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Artists and Their Managers, and Getting a Major Label Deal

By Professor Pooch
© David J. Spangenberg

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I have found that a new trend is becoming more common in the Music Industry regarding:

1. Artists wanting to get a Major Label, or one of its Subsidiaries to hear their music.

2. Just as importantly, actually being able to get signed to a worthwhile deal with them!

Simply put: the problems encountered by countless Artists wanting to get heard and signed throughout the years is getting worse. Of course there IS a way to solve the problem, but first you need a little background to understand the situation from both sides so you can plan accordingly.

Even starting back in the mid 80's, Artists found out that, if they wanted to get a deal with a Major Label, or one of their Subsidiaries, they couldn't even get any of them to listen to them, let alone sign them!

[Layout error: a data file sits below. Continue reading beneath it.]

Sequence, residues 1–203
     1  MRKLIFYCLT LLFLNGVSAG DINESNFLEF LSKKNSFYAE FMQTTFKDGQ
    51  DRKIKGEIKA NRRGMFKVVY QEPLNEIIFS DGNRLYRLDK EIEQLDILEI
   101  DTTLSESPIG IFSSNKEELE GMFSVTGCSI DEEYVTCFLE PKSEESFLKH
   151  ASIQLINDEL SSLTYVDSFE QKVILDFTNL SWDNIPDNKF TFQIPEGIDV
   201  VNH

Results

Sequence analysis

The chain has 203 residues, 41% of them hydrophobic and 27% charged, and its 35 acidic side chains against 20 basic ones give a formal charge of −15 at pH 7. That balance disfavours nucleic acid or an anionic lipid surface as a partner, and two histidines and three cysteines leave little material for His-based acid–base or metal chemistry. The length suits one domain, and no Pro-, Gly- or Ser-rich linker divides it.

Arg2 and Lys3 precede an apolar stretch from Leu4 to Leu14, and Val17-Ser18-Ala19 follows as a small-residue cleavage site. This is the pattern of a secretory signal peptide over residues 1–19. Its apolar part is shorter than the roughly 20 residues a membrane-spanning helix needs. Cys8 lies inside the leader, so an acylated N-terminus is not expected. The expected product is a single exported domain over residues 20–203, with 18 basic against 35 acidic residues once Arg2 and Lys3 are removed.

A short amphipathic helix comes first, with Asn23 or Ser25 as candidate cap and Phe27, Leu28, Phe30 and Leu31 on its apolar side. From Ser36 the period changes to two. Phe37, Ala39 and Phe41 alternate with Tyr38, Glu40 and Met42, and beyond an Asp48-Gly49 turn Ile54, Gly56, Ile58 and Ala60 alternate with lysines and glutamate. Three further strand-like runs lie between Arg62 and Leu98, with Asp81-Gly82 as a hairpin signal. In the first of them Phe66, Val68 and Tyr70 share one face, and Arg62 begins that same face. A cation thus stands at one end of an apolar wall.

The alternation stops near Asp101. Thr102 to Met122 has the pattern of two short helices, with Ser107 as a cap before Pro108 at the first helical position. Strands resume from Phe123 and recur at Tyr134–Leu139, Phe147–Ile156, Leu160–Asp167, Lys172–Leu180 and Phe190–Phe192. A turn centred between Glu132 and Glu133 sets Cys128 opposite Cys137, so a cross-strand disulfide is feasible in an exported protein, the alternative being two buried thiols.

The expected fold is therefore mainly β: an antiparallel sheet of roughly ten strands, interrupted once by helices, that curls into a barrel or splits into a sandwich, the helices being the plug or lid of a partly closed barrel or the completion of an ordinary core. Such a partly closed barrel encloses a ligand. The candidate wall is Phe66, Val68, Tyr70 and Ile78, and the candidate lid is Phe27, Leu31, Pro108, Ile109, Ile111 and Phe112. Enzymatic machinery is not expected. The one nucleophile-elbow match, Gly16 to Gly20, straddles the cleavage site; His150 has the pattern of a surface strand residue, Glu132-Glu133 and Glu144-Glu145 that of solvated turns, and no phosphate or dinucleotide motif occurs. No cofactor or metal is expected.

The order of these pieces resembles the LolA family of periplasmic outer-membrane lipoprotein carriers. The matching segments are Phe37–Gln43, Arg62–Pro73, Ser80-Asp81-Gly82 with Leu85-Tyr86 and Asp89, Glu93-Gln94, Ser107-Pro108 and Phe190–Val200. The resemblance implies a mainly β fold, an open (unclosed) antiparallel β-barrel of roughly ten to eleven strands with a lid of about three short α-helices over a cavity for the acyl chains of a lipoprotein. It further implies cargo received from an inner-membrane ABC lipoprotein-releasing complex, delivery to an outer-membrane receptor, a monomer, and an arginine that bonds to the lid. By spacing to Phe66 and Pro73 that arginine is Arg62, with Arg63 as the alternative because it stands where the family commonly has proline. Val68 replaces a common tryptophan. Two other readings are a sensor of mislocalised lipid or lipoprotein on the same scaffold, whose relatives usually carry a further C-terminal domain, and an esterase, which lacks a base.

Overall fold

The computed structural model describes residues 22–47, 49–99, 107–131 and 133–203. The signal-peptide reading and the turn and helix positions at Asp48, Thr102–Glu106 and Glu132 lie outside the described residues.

I remember one of my students in the mid '90s sent a professional looking and sounding album to quite a few labels - and every one came back unopened, some even a year later, usually with the words "unsolicited material - return to sender".

The truth was, and what Artists began to realize was, if they wanted to be heard by a worthwhile company, they had to go through a Manager, Publisher, Entertainment Attorney, or Known Producer.

Why? The record companies had many reasons, including, but not limited to:

1. - They got tired of dealing with hundreds of mostly "awful" tapes/CDs coming in every day.

2. - By going through a Manager, Publisher, Entertainment Attorney, or Known Producer, someone else was first screening the Artists and recordings for them.

And then, in effect, THAT Manager, or whomever, was then putting their name on the line! If one of these people started handing in bad tapes or CDs, they would get the "cold shoulder", too!

3. - They were tired of getting sued by people they never heard of, who said that the companies stole bits or all of their song.